St Mary's Catholic Primary School
Catchment Area, Reviews and Key Information

Primary
School Guide Rating
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Hornchurch Road
Hornchurch
RM12 4TL
01708448430
Pupils
418
Ages
4 - 11
Gender
Mixed
Type
Voluntary aided school
4 1 1 2 3 4
NATIONAL AVG. 2.08
Ofsted Inspection
(18/1/18)
Full Report - All Reports
86%
NATIONAL AVG. 65%
% pupils meeting the expected standard in reading, writing and mathematics
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School Description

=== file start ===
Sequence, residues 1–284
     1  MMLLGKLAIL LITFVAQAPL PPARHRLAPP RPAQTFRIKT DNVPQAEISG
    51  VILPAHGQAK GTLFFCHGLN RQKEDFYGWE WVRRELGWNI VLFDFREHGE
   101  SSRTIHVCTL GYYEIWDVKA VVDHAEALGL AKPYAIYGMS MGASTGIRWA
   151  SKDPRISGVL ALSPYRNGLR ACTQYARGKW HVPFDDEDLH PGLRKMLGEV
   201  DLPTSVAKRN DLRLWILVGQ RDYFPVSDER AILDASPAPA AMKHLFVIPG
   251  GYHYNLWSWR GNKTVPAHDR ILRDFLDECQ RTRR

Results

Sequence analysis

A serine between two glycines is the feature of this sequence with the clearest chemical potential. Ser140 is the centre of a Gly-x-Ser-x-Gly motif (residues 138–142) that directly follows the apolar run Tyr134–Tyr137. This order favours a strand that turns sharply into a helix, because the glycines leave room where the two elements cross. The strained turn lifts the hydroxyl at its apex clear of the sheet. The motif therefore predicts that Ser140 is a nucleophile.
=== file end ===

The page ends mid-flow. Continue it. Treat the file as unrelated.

The leadership team has maintained the good quality of education in the school since the last inspection. You took up post in 2015 when the school was starting to decline and after a period of interim leadership. You wasted no time in making improvements to the quality of teaching and learning and ensuring that the school was a happy, safe and welcoming environment. Ably supported by the deputy headteacher and a strong governing body, you have built a leadership team who share your vision and commitment. Staff, governors, parents and carers and the local authority value your skills as a headteacher and typically describe your leadership style as a breath of fresh air. The school continues to be at the heart of the local community, with close links to the church next door. You have developed a positive and caring ethos in the school. This is evident from the warm relationships between staff and pupils and the respect that pupils show to each other. As one parent said: ‘My son is a product of his school environment: smart, polite, compassionate and well behaved.’ Pupils enjoy coming to school and they make good progress. Attainment in reading, writing and mathematics is above the national average by the end of key stage 2. Under new leadership in the early years, children thrive. The vast majority now achieve a good level of development in Reception and are very well prepared for key stage 1. You and your leadership team are proud of the school but are determined to improve it further. You have made good progress in addressing the areas for improvement identified at the previous inspection. Leaders continue to work on ensuring there is challenge for the most able pupils. Tailored programmes and structured lesson plans offer these pupils challenging activities but leaders are aware that this needs to be consistent. The new assessment system tracks pupils’ performance accurately across the school. Staff are increasingly confident in reviewing assessment information and using it to plan next steps for pupils. Safeguarding is effective. As headteacher and designated safeguarding lead, you rightly see safeguarding as the most important aspect of your role. As a result of ongoing and effective training, all staff and governors are fully aware of their safeguarding responsibilities. Weekly safeguarding bulletins also keep staff well informed and up to date. Pre-recruitment checks are completed to ensure the suitability of staff. Staff deal with any safeguarding concerns promptly and follow them up rigorously. You are not afraid to seek advice or guidance about safeguarding matters to ensure that pupils and families get the right support. The school premises have been carefully assessed and improved to provide pupils with a secure environment. Pupils say that they feel safe, and parents agree. Pupils feel confident in talking to their teachers or using the ‘worry box’ if they have concerns. Themed assemblies and visits from external groups such as the NSPCC raise pupils’ awareness of risks to their personal safety, including online, and how to avoid them. Older pupils receive talks from local police, for example to help prepare them for life beyond primary school. Inspection findings Progress in key stage 2 reading and mathematics improved in 2017 and was significantly above the national average. Writing progress, in contrast, was in line with the national average. Leaders had already identified improvements in writing as a whole-school priority and we agreed that writing would be a key line of enquiry. Leaders analysed historical assessment information and identified key groups of pupils, in particular boys, who were not making strong progress in writing. As a result, they adapted the curriculum to make writing tasks more relevant and interesting. Staff have received training to help them improve standards in pupils’ writing, and they focus on putting these ideas into practice. The assessment system helps staff identify gaps in writing skills and pinpoints pupils’ areas for development. Lessons have a greater emphasis than previously on spelling, with a more structured approach to embedding vocabulary. Excellent writing is celebrated around the school and pupils know exactly how to improve their writing. Work in pupils’ books shows evidence of high-quality writing, particularly for middle- and high-ability pupils. However, there is still some variation across year groups in writing progress. Leaders know that upper key stage 2 pupils are suffering from a legacy of inconsistent teaching and are working to improve this. Expectations for lower-ability pupils’ writing are not always high enough.